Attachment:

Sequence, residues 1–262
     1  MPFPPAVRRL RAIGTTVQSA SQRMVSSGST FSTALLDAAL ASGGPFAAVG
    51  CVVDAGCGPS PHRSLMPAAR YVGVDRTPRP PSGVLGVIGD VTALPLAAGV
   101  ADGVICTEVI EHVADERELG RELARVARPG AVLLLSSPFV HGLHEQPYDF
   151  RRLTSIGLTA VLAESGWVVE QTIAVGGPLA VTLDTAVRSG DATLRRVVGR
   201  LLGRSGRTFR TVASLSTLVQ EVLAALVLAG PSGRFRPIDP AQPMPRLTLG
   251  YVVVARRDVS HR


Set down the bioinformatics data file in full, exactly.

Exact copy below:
Sequence, residues 1–262
     1  MPFPPAVRRL RAIGTTVQSA SQRMVSSGST FSTALLDAAL ASGGPFAAVG
    51  CVVDAGCGPS PHRSLMPAAR YVGVDRTPRP PSGVLGVIGD VTALPLAAGV
   101  ADGVICTEVI EHVADERELG RELARVARPG AVLLLSSPFV HGLHEQPYDF
   151  RRLTSIGLTA VLAESGWVVE QTIAVGGPLA VTLDTAVRSG DATLRRVVGR
   201  LLGRSGRTFR TVASLSTLVQ EVLAALVLAG PSGRFRPIDP AQPMPRLTLG
   251  YVVVARRDVS HR